• Plos One · Jan 2013

    Review Meta Analysis

    The size of endotracheal tube and sore throat after surgery: a systematic review and meta-analysis.

    Use of smaller-sized ETT results in less post-operative sore throat in female patients.

    • Baoji Hu, Rui Bao, Xiaolin Wang, Shanshan Liu, Tianzhu Tao, Qun Xie, Xiongwei Yu, Jinbao Li, Lulong Bo, and Xiaoming Deng.
    • Department of Anesthesiology, Changhai Hospital, Second Military Medical University, Shanghai, China.
    • Plos One. 2013 Jan 1;8(10):e74467.

    BackgroundRecent studies showed that sore throat following endotracheal intubation was a common problem following surgery. The objective of this systematic review and meta-analysis of published randomized controlled trials (RCTs) or cohort studies was to estimate whether the size of endotracheal tube (ETT) affects the incidence of postoperative sore throat (POST) after general anesthesia.MethodsThe following databases were searched electronically: PubMed (updated to Dec 2012), EMBASE (updated to 15 Dec 2012), Google scholar, World Health Organization International Clinical Trials Registry Platform (Jul 2011), Chinese BioMedical Literature Database (1978 to Jul 2011), and China National Knowledge Infrastructure (1994 to Jul 2011). Studies comparing the size of endotracheal tube for elective surgery were included.ResultsThree trials with a total of 509 female patients were included in the current analysis. The size of ETT used were 6.0 mm and 7.0 mm. Pooled studies from these trials showed that the smaller size of ETT (6.0 mm) significantly decreased the incidence of POST in post-anesthesia care unit (PACU) (RR = 0.56, 95% CI 0.42-0.75, P<0.01) and at 24 h after surgery (RR = 0.69, 95% CI 0.48-0.99, P<0.05). A smaller size of ETT (6.0 mm) was associated with a lower incidence of PH in PACU (RR = 0.69, 95% CI 0.55-0.87, P<0.01), but did not affect the incidence of PH at 24 h after surgery (RR = 0.73, 95% CI 0.46-1.15, P>0.05).ConclusionOur meta-analysis suggests that patients under general anesthesia with a smaller size of ETT (6.0 mm) were associated with a lower incidence of POST in female patients. More studies with adequate numbers of patients were warranted to evaluate other size of ETT on the incidence of PH and POST after general surgery among different populations.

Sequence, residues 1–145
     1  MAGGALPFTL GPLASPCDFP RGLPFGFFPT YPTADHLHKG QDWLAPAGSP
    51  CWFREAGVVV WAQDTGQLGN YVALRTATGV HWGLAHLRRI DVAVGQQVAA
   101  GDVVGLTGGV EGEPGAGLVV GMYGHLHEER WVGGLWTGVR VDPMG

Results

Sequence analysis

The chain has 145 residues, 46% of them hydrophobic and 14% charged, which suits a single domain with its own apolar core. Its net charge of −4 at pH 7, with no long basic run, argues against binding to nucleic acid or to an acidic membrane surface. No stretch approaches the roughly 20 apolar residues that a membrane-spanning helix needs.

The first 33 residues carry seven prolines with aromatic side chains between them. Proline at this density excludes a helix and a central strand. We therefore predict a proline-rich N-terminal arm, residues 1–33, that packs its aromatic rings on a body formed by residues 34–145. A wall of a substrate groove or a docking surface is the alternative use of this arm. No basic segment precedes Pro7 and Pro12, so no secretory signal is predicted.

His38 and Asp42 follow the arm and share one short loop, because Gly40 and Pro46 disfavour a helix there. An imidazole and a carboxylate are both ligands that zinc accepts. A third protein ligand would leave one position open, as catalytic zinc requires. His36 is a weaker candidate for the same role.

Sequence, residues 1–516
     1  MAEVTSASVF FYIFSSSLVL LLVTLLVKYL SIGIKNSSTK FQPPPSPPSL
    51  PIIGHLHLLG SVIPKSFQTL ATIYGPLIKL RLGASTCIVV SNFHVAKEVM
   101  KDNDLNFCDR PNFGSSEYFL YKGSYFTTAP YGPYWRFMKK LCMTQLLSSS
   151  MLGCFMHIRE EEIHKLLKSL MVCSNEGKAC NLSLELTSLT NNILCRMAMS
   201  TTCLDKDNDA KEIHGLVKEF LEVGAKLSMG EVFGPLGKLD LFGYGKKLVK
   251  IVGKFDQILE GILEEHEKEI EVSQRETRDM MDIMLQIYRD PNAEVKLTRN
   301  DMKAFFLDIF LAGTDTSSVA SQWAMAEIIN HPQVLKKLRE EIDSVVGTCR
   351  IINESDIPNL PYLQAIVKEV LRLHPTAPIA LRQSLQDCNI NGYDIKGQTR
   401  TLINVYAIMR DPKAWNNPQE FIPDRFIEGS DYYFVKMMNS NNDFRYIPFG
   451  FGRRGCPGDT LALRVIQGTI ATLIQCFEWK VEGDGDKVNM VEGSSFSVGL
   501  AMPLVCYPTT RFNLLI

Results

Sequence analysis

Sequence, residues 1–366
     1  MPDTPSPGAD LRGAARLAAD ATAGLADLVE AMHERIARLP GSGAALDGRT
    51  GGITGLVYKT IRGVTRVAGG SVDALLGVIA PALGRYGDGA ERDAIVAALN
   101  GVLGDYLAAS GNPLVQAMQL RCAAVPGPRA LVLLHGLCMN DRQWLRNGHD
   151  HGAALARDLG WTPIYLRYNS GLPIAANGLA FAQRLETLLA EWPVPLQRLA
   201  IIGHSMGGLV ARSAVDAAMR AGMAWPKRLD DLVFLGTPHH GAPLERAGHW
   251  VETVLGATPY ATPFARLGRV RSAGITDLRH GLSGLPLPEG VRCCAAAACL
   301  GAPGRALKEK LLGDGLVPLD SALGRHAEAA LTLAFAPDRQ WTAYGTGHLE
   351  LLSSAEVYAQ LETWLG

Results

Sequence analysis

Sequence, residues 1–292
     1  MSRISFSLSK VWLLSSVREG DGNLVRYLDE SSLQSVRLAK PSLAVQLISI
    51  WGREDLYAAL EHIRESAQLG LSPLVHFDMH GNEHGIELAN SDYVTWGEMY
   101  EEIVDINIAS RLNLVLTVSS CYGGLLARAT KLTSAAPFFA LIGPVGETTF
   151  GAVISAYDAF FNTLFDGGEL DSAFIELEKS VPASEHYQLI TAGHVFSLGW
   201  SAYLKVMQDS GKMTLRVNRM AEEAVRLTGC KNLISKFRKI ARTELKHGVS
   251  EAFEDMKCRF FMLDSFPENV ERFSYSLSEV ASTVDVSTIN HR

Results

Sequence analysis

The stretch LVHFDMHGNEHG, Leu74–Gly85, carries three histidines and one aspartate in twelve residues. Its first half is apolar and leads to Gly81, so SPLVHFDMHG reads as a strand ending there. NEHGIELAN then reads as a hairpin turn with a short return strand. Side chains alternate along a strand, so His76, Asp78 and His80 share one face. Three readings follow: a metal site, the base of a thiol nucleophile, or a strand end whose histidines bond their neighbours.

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    Use of smaller-sized ETT results in less post-operative sore throat in female patients.

    Daniel Jolley  Daniel Jolley
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